Bulgaria Reveals Germany's RWE 2008 Letter on N-Plant, Price Whopping EUR 10 B

January 21, 2013, Monday // 03:33
Bulgaria: Bulgaria Reveals Germany's RWE 2008 Letter on N-Plant, Price Whopping EUR 10 B
A file picture dated 03 September 2008 of a worker during the launch of the project for the construction of a building of the first 1,000 MW unit of the second nuclear plant of Belane, some 220km from Sofia, Bulgaria. Photo by EPA/BGNES

German utility RWE abandoned plans to participate in the construction of a 2000MW nuclear plant in the Bulgarian Danube town of Belene after realizing that its price tag has towered to EUR 10 B, according to the prime minister.

This allegedly emerges from a letter by the major German company to Bulgaria's state energy holding company NEK, dated 2008, which Prime Minister Boyko Borisov made public on Monday.

The letter was discovered by accident by Economy and Energy Minister Delyan Dobrev, tucked in a box, holding strictly confidential information, where the previous government hoped it will remain unseen, Borisov said.

In the letter RWE draws attention to the fact that NEK still has not made clear how it ill finance its share of the project worth EUR 5 B. The German company voices strong protest against plans for signing the fifth agreement with Russia for the project and commits to contribute up to EUR 10 M in it in 2009.

The previous Socialist-led government chose in 2009 German power utility RWE to become a strategic partner in the Belene project with a stake of 49%.

The next year however the German utility abandoned plans to participate in the construction of a 2000MW nuclear plant in Belene "due to funding problems".

Speaking on Monday, Prime Minister Borisov slammed the previous government for hiring BNP Paribas SA, France's largest bank by market value, to arrange a EUR 250 M loan to help fund construction of the nuclear power plant, whose price tag has towered from EUR 4 B to EUR 10 B.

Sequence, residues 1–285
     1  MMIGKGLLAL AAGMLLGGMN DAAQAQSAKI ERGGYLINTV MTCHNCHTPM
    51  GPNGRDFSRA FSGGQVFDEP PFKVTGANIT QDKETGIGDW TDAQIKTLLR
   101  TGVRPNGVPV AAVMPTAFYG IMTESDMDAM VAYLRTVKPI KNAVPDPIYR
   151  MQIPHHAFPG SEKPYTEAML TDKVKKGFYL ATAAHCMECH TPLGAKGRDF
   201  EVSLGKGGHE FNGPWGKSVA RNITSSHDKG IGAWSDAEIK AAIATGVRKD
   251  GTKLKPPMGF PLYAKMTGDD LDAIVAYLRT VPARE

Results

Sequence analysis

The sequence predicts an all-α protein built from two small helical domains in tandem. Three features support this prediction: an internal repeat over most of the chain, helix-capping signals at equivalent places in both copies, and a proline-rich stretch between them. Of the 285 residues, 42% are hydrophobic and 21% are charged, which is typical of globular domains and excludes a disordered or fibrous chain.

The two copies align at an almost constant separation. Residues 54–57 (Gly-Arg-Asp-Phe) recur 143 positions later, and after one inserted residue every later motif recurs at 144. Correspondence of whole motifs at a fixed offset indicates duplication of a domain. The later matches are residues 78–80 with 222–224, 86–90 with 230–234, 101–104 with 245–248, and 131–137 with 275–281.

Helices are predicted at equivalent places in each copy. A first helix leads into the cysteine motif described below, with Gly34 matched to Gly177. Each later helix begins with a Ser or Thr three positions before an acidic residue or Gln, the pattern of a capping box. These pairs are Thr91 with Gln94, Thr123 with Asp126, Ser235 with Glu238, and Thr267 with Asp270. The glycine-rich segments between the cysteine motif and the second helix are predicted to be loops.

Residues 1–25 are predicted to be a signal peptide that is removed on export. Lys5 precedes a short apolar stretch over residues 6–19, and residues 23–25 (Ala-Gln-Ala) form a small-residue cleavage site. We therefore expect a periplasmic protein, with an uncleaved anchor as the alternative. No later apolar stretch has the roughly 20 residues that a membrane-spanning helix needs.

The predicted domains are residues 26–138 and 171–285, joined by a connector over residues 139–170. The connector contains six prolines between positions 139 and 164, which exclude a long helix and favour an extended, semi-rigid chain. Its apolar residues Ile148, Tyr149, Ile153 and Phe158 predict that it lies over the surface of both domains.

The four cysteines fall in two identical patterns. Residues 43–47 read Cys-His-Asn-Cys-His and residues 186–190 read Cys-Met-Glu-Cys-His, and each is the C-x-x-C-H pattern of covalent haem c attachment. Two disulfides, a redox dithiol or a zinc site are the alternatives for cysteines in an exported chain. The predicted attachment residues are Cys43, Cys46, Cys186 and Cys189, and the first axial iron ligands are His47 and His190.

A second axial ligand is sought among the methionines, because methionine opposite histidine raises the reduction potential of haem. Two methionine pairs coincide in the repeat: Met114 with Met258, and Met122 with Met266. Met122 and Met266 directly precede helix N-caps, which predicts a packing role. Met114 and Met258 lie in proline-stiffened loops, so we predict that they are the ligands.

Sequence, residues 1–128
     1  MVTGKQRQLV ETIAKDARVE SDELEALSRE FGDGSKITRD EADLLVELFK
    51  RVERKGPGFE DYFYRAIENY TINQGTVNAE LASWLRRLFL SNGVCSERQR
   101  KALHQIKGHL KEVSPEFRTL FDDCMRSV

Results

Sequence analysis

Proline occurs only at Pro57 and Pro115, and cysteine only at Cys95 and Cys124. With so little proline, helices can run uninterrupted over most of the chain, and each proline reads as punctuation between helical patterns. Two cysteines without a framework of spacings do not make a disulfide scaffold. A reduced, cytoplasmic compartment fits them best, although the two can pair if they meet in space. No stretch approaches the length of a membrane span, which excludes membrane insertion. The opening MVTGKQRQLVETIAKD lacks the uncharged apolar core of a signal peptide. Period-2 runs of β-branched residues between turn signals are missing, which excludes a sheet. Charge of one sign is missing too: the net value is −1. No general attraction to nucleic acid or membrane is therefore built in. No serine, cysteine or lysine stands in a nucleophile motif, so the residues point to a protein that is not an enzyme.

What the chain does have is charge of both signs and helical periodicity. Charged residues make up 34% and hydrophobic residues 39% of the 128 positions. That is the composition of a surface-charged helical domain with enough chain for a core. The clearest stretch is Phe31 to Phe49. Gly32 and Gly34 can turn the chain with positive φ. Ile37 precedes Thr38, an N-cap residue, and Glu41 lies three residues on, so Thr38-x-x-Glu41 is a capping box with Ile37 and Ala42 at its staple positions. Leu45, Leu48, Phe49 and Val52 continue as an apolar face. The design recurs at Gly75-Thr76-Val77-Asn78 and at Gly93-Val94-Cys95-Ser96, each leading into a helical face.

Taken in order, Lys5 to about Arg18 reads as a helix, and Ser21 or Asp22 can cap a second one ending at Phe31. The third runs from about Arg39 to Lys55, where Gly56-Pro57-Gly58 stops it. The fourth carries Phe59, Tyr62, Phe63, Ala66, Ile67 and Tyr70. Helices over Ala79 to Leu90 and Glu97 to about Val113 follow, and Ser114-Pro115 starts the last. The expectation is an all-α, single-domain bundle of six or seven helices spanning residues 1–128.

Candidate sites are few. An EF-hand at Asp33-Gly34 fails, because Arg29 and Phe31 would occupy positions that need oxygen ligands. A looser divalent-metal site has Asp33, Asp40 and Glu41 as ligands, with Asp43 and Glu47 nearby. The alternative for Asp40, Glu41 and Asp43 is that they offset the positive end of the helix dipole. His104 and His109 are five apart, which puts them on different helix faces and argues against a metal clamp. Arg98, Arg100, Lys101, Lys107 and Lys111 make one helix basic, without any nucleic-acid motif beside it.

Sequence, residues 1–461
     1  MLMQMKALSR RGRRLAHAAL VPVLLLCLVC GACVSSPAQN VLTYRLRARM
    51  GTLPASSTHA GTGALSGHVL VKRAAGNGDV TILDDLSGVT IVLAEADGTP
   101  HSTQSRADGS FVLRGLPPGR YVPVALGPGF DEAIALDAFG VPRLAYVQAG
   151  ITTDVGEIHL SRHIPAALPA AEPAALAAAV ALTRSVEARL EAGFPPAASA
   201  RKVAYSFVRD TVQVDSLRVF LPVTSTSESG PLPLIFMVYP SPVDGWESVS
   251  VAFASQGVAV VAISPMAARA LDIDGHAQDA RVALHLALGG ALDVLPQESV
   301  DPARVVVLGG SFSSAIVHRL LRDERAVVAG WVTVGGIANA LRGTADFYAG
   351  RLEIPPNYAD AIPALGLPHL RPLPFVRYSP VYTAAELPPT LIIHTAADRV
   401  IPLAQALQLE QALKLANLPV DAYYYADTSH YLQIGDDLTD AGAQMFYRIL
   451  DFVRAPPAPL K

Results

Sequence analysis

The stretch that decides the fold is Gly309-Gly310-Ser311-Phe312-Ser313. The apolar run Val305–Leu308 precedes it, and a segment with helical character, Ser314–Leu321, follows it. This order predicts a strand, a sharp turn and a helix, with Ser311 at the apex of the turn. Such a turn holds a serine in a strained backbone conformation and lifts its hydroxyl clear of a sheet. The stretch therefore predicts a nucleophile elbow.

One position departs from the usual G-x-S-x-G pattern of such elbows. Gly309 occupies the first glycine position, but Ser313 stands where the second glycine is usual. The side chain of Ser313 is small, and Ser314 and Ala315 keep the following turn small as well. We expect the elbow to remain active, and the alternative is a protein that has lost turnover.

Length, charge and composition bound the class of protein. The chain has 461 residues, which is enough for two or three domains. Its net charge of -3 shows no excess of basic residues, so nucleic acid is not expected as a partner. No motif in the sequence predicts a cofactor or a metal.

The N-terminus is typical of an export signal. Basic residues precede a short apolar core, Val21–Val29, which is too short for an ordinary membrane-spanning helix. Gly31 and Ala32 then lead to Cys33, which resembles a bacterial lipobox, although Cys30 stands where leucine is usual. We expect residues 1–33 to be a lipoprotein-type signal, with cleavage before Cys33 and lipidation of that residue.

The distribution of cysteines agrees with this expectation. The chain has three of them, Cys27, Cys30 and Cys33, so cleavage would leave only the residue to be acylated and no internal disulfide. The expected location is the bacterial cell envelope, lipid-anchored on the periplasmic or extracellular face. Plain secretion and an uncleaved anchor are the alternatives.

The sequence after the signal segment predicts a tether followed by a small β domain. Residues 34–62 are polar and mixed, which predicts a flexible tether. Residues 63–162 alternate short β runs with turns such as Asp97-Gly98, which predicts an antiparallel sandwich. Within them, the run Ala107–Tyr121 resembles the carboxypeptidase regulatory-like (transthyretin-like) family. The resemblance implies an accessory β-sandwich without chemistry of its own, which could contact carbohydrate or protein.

NEK's poor results, triggered by a fall in power consumption, however forced it to breach the conditions on the loan, making it callable.

BNP Paribas SA, France's largest bank by market value, ditched the project in February 2010.

"The Socialsit-led government took the loan for the project in 2007 even though they knew they won't be able to provide the funding. They just spent the money for the Russians and their own benefit," Borisov fumed.

Bulgaria's state energy holding company, which groups the country's top energy assets, plans to tap international markets by the beginning of March to repay its debt.

The group aims to issue EUR 400 M worth of bonds, much higher than the initially set targets of USD 300 M or EUR 250 M.

The money will be used for refinancing the existing debt to BNP Paribas for the nuclear power plant project at Belene.

Borisov's statement comes days before Bulgarians head for the voting polls to cast a ballot in the country's national referendum on development of atomic energy.

The voters will receive a white ballot with the question "Should atomic energy be developed in Bulgaria through the building of a new Atomic Plant?" There will be an option to choose "yes" or "no" by using a blue ink pen.

Under current legislation in order to have a valid referendum at least 4 345 500 people must cast a ballot which is equal to the voter turnout at the last general election. A positive answer to the question of the referendum requires 50% of the vote plus 1 ballot.

The referendum on atomic energy, excluding the local one on the Burgas-Alexandroupolis oil line, is the first since the fall of the Communist regime in 1989. Before that national referendums have been held in 1922 – for the punishment of those responsible for the two national catastrophes; in 1946 – to change the rule of the country from monarchy to republic, and in 1971 for the so-called Zhivkov Constitution of Communist dictator, Todor Zhivkov.


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